Hubert Fairweather knows what a hurricane can do. Four years ago, Hurricane Iris crashed through his hometown in Belize with winds that could hit a man like a speeding bus. Waves rolled right across the sleepy fishing village. The only buildings left standing were the ones made of concrete.
So when his organization mobilized to help a New Orleans center for the disabled, Fairweather rushed to volunteer. “It’s a wonderful thing,” he said. “We’re going to help some people.”
On Wednesday, Fairweather set out from Fort Totten, in Bayside, at the wheel of a handicap-accessible bus, part of a two-vehicle convoy sent by the United Spinal Association to deliver $50,000 worth of wheelchairs, canes and other supplies to victims of Hurricane Katrina.
“Most of us take it for granted that we can get around,” he said. “These guys are depending on us for their mobility.”
The association, a national non-profit disability rights organization based in Jackson Heights, is sending the bus and a box truck to ferry the supplies to Baton Rouge. Accompanying Fairweather, who is a wheelchair technician, are a driver and an orthotist, a specialist in the use of mechanical devices to support weakened limbs. An estimated 75 people will be helped.
Other supplies include a mile-and-a-half of duct tape and towels, which will be used in lieu of customized supports to help hold the patients in their wheelchairs. The bus will be donated to New Orleans Resources for Independent Living, a group that provides care and transportation to people with disabilities in Southern Louisiana.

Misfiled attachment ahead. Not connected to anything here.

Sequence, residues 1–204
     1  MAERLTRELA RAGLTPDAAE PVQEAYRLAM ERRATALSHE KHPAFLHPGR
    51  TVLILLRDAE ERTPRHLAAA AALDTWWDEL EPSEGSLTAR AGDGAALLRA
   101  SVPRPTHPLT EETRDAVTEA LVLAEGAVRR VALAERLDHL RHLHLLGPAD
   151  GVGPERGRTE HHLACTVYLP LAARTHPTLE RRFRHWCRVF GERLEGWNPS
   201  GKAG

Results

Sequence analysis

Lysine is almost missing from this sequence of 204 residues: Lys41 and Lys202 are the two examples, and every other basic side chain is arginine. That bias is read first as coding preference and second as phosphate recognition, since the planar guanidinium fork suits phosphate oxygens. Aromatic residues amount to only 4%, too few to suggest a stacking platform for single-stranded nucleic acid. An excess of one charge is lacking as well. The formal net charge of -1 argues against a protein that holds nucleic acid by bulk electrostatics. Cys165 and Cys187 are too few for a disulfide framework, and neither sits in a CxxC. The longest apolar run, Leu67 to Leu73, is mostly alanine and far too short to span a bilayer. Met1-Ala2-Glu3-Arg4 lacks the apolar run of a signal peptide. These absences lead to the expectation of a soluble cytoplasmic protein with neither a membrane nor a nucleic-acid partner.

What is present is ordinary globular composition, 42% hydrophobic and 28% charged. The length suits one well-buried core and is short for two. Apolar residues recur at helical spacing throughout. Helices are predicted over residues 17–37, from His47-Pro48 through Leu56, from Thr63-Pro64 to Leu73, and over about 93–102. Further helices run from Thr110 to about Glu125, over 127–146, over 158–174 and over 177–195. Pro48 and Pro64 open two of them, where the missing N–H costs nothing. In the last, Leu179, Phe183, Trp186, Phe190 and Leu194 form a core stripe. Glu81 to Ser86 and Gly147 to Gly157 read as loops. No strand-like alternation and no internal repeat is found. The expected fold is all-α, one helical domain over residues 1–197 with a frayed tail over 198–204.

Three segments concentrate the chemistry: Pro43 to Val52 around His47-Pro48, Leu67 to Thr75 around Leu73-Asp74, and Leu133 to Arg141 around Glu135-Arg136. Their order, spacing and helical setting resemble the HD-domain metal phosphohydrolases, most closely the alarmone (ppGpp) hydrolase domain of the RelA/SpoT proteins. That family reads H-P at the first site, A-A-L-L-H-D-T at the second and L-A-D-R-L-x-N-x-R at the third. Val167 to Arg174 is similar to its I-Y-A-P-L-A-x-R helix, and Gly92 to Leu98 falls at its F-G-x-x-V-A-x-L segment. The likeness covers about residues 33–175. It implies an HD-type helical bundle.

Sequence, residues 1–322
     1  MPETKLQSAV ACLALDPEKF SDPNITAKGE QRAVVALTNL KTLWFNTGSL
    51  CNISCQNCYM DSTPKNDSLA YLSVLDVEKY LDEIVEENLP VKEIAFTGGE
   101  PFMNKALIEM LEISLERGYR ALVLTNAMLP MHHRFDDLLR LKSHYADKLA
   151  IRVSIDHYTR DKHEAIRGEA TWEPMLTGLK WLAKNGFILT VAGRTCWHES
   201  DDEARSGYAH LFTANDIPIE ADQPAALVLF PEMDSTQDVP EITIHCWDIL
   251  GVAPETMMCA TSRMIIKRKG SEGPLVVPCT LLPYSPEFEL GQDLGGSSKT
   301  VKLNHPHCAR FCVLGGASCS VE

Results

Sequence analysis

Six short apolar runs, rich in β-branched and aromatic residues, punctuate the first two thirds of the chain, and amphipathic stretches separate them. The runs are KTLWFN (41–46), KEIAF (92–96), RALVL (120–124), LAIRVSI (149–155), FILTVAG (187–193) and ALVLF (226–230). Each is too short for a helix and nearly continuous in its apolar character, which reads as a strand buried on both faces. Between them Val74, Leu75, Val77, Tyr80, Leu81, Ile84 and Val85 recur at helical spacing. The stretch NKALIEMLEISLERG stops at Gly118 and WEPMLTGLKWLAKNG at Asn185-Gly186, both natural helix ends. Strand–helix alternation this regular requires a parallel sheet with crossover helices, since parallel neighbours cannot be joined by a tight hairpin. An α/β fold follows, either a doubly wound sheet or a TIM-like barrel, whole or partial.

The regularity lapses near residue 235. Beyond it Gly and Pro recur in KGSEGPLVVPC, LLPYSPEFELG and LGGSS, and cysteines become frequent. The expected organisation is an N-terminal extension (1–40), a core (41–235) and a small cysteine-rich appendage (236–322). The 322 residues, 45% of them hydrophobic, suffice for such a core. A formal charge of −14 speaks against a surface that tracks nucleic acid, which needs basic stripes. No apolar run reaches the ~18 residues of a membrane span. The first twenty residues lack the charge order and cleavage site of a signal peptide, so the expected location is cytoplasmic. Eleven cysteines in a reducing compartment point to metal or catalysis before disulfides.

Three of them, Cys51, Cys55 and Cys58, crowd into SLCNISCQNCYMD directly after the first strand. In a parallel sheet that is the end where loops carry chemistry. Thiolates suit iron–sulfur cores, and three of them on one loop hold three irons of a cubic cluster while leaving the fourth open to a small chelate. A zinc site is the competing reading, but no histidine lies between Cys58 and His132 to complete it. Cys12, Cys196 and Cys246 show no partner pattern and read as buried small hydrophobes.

“The people who are going to be receiving these donations truly need it,” Yovanka Archaga, director of the New Orleans group, said in a statement issued to the media. “Our consumers have lost so much…Hospitals are overloaded and it’s amazing how much we have taken for granted. Consumers’ medical needs are just another luxury that has been taken away.”
Archaga added that all her staff and clients are accounted for. Despite being under two or three feet of water, the organization’s computer equipment now functions normally. “That just tells me that God is saying that Yovanka has to keep going…that tells you we are doing something good.”
More than 155,000 people with disabilities live in the area affected by Hurricane Katrina. According to United Spinal Association, all wheelchair accessible transportation and housing in cities such as New Orleans, Biloxi, Mississippi and Mobile, Alabama was destroyed.
Officials at the association worry the needs of disabled persons and those who cannot walk without assistance are being neglected due to a lack of supplies, shortage of professional caregivers and unsanitary conditions. Infections, pressure sores, dehydration and malnutrition are particular concerns. “Unfortunately, I don’t think we’ve heard the horror stories yet,” said Paul Tobin, the association’s deputy executive director, who himself has needed a wheelchair since a spinal cord injury in 1993.
Watching as news crews took pictures of his bus and interviewed United Spinal executives at a press conference held in Fort Totten to publicize the effort, Fairweather said he was looking forward to the journey. “It’s a nice day. It’s going to be a nice trip.”
United Spinal Association is located at 75-20 Astoria Boulevard in Jackson Heights. For more information or to make a donation, visit the web site at www.unitedspinal.org or call 800-404-2898.